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State v. Wilkerson

Court of Appeals of North Carolina

February 18, 2014

STATE of North Carolina
v.
Terrance WILKERSON.

Heard in the Court of Appeals 26 September 2013.

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[Copyrighted Material Omitted]

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Review stemming from the allowance of a petition for the issuance of a writ of certiorari filed by the State challenging an order entered 17 December 2012 by Judge Mary Ann Tally in Cumberland County Superior Court.

Attorney General Roy Cooper, by Assistant Attorney General Daniel P. O'Brien, for the State.

Sarah Jessica Farber, for Defendant-Appellee.

ERVIN, Judge.

The State has sought appellate review of an order granting Defendant Terrance Wilkerson's motion for appropriate relief; vacating judgments entered on 5 December 1991 stemming from Defendant's convictions for second degree burglary, three counts of felonious breaking or entering, four counts of felonious larceny, and two counts of possession of stolen property; and resentencing Defendant to a term of 21 years imprisonment. On appeal, the State contends that the trial court erroneously concluded that the sentences contained in the original judgments entered in these cases resulted in the imposition of a cruel and unusual punishment upon Defendant. After careful consideration of the State's challenges to the trial court's order in light of the record and the applicable law, we conclude that the trial court's order should be reversed and that this case should be remanded to the Cumberland County Superior Court for reinstatement of the original judgments imposed in these cases.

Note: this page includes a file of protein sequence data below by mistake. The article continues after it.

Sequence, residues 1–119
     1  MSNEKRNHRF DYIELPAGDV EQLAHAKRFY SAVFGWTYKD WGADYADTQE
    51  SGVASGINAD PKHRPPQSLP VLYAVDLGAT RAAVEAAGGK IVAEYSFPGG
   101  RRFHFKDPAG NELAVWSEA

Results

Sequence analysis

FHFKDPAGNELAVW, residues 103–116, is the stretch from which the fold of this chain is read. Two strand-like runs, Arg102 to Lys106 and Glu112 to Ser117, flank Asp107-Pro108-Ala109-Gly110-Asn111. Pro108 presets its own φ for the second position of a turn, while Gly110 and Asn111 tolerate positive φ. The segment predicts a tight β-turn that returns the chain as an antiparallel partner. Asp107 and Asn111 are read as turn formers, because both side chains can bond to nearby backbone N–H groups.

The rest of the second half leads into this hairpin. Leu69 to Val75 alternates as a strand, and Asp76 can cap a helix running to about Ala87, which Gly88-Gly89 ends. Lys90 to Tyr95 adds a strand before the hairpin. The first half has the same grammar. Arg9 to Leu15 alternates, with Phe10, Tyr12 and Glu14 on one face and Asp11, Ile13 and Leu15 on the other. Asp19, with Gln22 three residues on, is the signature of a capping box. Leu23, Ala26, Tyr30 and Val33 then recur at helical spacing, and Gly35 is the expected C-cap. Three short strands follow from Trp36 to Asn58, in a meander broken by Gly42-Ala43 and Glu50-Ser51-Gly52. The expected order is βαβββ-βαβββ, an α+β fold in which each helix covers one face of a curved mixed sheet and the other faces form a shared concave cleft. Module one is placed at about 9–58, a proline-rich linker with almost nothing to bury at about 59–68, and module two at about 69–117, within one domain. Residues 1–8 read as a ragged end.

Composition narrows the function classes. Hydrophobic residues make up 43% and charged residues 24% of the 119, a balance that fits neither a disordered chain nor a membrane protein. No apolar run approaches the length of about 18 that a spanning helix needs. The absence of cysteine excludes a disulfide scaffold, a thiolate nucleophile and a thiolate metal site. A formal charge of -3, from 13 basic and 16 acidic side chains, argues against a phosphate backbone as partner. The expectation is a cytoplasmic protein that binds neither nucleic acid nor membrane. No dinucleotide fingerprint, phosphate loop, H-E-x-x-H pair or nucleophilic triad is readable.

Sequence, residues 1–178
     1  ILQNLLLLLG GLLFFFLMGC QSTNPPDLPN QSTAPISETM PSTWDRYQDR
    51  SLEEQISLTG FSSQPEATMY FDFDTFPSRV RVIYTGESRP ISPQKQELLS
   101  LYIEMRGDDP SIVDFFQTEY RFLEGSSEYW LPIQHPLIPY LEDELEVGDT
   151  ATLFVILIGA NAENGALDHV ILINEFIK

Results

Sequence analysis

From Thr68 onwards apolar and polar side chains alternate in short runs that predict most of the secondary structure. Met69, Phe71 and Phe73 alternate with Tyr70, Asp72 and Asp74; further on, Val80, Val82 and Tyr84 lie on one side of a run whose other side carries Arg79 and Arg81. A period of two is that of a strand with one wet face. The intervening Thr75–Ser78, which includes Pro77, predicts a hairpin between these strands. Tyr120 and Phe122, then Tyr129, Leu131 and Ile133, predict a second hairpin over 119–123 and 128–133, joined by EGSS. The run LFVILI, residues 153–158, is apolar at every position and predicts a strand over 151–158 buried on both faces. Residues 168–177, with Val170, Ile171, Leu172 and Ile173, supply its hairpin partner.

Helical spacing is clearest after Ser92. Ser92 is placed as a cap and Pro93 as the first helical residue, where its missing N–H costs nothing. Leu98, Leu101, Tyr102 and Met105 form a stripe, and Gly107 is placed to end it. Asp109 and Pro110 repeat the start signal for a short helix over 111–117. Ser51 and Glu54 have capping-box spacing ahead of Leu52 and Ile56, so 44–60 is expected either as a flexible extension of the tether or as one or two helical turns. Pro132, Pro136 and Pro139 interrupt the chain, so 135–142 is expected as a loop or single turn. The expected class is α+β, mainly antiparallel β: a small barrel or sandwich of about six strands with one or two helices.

I. Factual Background

Between 14 December 1990 and 12 January 1991, Defendant broke into several homes and stole various items of property. At the time that he committed these criminal offenses, Defendant was sixteen years old and had no prior criminal record.

On 13 January 1991, warrants for arrest were issued charging Defendant with two counts of possession of stolen property, second degree burglary, two counts of felonious breaking or entering, and three counts of felonious larceny. On 2 April 1991, the Cumberland County grand jury returned bills of indictment charging Defendant with two counts of second degree burglary, four counts of felonious breaking or entering, six counts of felonious larceny, and six counts of possession of stolen property. On 4 December 1991, Defendant entered pleas of guilty to one count of second degree burglary, four counts of felonious larceny, three counts of felonious breaking or entering, and two counts of possession of stolen property. In return for Defendant's guilty pleas, the State voluntarily dismissed the remaining charges that had been lodged against him. At the conclusion of the proceedings that occurred in connection with the entry of Defendant's guilty pleas, Judge William C. Gore, Jr., found as aggravating factors that " [t]he defendant involved a person under the age of 16 in the commission of the crime" and that